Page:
Rob Price
Gutbrain Records
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2017 February 13 • Monday

The 452nd Soundtrack of the Week is Xanadu. This was destined to happen.

It starts out with Olivia Newton-John's "Magic", a pretty well known song that I've always loved, especially the melody.

Cliff Richard, an important name to those of us who love The Shadows and early British rock and roll, joins Olivia Newton-John for the seventies gold pop love song "Suddenly".

This is followed by "Dancin'", which alternates between an Andrews sisters-ish 1940s era swing number with a more overtly sexual and aggressive '70s rock song, ultimately merging the two into one song, overlaying the different styles on top of each other. Xanadu doesn't get a lot of respect, it seems to me, but the construction of this song is at least a little ingenious and more sophisticated than it had to be.

Olivia Newton-John gets another solo number, "Suspended in Time", a heartfelt song that, like "Magic", has a robustly lyrical melodic line and some unusual twists and turns.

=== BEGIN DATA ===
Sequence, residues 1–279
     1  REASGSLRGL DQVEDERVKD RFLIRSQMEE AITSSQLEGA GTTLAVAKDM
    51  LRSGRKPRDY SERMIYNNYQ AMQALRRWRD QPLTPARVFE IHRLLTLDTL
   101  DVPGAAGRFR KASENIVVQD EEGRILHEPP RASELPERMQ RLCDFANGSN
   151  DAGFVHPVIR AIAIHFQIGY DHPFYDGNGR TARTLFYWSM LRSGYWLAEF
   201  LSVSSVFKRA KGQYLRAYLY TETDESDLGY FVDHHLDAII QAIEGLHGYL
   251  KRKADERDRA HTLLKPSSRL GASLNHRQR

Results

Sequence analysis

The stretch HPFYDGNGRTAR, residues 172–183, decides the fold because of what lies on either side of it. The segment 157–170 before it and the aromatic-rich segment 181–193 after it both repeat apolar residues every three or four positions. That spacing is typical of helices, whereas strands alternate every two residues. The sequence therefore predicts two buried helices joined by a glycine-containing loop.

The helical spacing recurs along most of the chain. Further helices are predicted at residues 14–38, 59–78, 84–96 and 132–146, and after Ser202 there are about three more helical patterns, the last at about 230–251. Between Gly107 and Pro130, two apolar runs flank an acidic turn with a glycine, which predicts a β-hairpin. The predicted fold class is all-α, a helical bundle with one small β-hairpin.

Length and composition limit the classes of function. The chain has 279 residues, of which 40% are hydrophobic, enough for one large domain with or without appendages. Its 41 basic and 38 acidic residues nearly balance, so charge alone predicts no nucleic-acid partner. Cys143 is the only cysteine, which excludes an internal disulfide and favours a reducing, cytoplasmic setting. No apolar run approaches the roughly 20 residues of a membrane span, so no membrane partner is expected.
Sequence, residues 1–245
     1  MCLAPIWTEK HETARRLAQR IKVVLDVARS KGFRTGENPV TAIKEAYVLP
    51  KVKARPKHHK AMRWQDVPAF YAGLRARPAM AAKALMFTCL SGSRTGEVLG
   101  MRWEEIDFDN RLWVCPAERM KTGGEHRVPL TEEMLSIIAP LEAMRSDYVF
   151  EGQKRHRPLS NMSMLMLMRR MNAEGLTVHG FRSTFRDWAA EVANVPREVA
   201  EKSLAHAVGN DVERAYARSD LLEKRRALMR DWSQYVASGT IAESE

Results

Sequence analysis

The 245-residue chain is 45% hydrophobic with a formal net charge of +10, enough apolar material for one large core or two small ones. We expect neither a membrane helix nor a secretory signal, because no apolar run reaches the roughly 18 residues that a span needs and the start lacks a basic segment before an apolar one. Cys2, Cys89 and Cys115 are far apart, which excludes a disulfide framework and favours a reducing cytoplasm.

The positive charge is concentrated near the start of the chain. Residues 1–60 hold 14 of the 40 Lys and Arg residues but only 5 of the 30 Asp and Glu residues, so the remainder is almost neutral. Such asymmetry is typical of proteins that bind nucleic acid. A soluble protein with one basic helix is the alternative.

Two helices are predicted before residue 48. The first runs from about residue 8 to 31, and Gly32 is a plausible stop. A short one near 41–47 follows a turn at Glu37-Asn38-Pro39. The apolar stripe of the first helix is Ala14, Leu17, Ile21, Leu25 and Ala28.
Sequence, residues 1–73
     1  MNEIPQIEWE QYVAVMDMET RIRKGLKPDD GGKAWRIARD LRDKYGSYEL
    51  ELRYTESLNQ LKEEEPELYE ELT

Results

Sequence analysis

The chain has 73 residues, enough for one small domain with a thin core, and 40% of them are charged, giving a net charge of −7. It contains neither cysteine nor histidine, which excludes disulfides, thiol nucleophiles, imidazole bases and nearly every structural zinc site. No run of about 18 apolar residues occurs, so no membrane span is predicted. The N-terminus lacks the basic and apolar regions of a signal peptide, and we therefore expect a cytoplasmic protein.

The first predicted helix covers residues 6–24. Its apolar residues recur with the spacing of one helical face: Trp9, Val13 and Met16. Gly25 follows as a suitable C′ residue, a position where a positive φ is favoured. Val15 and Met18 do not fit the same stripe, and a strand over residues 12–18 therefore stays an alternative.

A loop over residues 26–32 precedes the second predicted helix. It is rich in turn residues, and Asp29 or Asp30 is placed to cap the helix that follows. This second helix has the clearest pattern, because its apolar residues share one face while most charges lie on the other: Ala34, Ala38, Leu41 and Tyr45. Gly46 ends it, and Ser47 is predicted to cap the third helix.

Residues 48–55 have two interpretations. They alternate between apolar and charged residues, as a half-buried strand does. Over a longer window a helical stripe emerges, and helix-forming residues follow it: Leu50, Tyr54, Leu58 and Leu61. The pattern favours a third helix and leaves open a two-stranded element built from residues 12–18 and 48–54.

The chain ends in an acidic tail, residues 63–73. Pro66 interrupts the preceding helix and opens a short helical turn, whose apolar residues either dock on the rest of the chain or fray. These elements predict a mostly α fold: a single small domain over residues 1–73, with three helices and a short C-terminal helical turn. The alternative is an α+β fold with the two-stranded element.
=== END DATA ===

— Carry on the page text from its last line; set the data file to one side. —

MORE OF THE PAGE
After this is the Newton-John's duet with Gene Kelly, another pastiche of swing-era music with some emotive string writing and orchestrations that come from mid-century Sinatra arrangements. This is the least interesting song on the record but it demonstrates how good these two voices are.

Then it's time for the Electronic Light Orchestra and "I'm Alive". This is a pretty impressive blend of Beach Boys, disco, prog, psyche and who the hell knows what else (bits of The Who and Pink Floyd, I guess) and I love it but wish it had more urgency somehow.

"The Fall" is a more straightforward song from ELO, also with a lush sound that suggests a moving multitude of bright colors.

ELO slows things down for "Don't Walk Away", an emotional number that builds up gradually and sustains intensity for a long time.

"All Over the World" is a return to a more triumphant and energetic sound, celebratory and invigorating.

For the finale, ELO and Olivia Newton-John join forces for the title song, whose melody I've always loved. Again, I wish ELO had a little more drive in its rhythm section, a deeper, more open drum sound perhaps. The music has a lot of layers and balancing all of the different elements must have been challenging, but it might have benefited from a little shagginess, a little less control.

I still love it, though.